A new study at Columbia University Irving Medical Center (CUIMC) challenges the popular notion that psychiatric medications are overprescribed in children and adolescents in the U.S. When the researchers compared prescribing rates with prevalence rates for the most common psychiatric disorders in children, they discovered that some of these medications may be underprescribed.
The findings were published online today in the Journal of Child and Adolescent Psychopharmacology.
"Over the last several years, there has been widespread public and professional concern over reports that psychiatric medications are being overprescribed to children and adolescents in the United States," Ryan Sultan, MD, a child psychiatrist and researcher at CUIMC who led the study. "We were interested in better understanding this concern."
How the study was done
Using data from a national prescription database, the researchers looked at annual prescriptions for three psychiatric drug classes-stimulants, antidepressants, and antipsychotics-for 6.3 million children between the ages of 3 and 24 years. They then compared prescribing patterns with known prevalence rates of attention deficit-hyperactivity disorder (ADHD), anxiety disorders, and depression between young children (3 to 5 years), older children (6 to 12 years), adolescents (13 to 18 years), and young adults (19 to 24 years). This is the first national study to analyze prescription rates for these three types of psychiatric medications in youth.
Annually, an estimated 1 in 8 U.S. teenagers has a depressive episode, and roughly 1 in 12 children have symptoms of ADHD. During the year studied, fewer than 1 in 30 teenagers received a prescription for antidepressants, and only 1 in 20 got a prescription for stimulants.
"Our results show that, at a population level, prescriptions of stimulants and antidepressant medications for children and adolescents do not appear to be prescribed at rates higher than the known rates for psychiatric conditions they are designed to treat," said Dr. Sultan. "These findings are inconsistent with the perception that children and adolescents are being overprescribed."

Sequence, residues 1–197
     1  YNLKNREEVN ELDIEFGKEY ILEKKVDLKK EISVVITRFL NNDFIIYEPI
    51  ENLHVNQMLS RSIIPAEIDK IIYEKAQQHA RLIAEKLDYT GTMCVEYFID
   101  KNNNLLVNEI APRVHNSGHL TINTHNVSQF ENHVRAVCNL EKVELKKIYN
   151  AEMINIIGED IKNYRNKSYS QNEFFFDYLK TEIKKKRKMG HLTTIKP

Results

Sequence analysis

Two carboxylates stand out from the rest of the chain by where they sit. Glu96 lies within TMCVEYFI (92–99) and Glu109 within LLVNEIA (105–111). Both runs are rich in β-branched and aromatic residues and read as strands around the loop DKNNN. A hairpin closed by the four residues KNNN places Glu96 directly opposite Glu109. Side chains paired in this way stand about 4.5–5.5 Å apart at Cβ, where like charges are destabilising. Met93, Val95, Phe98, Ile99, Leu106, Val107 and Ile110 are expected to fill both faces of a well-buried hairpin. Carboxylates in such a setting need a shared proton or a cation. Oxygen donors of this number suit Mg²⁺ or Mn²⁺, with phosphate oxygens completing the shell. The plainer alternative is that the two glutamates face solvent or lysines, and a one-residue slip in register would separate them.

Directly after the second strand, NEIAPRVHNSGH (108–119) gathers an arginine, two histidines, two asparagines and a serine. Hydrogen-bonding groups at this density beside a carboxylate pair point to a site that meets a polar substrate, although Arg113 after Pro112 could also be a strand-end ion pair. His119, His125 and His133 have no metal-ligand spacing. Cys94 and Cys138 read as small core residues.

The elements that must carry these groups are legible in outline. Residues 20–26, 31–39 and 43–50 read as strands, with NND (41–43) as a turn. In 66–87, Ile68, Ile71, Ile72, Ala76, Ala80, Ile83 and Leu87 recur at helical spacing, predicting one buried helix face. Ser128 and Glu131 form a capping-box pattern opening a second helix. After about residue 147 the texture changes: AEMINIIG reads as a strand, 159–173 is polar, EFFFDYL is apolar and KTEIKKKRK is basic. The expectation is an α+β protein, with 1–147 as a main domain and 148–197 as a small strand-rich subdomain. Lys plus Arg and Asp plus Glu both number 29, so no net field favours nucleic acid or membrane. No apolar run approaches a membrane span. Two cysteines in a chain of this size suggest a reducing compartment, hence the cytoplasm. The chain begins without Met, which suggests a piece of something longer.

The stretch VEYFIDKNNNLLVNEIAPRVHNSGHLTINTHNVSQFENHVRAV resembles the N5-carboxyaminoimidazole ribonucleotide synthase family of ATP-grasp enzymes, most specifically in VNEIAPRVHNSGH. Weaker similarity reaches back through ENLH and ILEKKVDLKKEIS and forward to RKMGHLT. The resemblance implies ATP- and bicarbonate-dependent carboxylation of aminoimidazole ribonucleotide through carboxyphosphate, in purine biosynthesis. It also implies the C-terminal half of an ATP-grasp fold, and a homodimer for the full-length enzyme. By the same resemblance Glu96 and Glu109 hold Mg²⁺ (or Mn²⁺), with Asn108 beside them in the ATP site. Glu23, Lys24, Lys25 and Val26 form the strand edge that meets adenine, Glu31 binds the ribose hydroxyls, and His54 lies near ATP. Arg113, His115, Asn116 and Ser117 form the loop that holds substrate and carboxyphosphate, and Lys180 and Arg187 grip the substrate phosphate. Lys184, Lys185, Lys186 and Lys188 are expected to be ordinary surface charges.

Overall psychiatric drug prescription patterns in children and adolescents Children in the youngest group accounted for the smallest number (0.8 percent) of prescriptions for any psychiatric drug. Adolescents accounted for the highest number (7.7 percent).
The number of prescriptions for stimulants was highest in older children (4.6 percent), with males accounting for more of these prescriptions than females. Antidepressant prescriptions increased with age and was highest for young adults (4.8 percent), particularly for females. Antipsychotic prescriptions peaked during adolescence (1.2 percent) and were prescribed slightly more often for males in this age group.
"The study also showed that, among young people in the United States, the patterns of prescriptions for antidepressants and stimulants are broadly consistent with the typical ages associated with the onsets of common mental disorders, said Mark Olfson, MD, professor of psychiatry at CUIMC and senior author of the paper. "However, the situation with antipsychotic medications is less clear cut. Given clinical uncertainty over their appropriate indications, it is unclear whether their annual use rates, which ranged from 0.1 percent in younger children to 1 percent in adolescents, are above or below the rates of the psychiatric disorders they aim to treat."
"These results provide some reassurance to those who are concerned about the overprescribing of psychiatric medications to children and teenagers," said Dr. Sultan. "Improving access to child psychiatrists through consultation services and collaborative care models may help address potential undertreatment while also reducing the risk of prescribing medications before other treatments have been tried. Acknowledging that prescription patterns may have changed since the data was collected, it is important to continue to assess the pattern and distribution of psychiatric medications to children and adolescents in the U.S."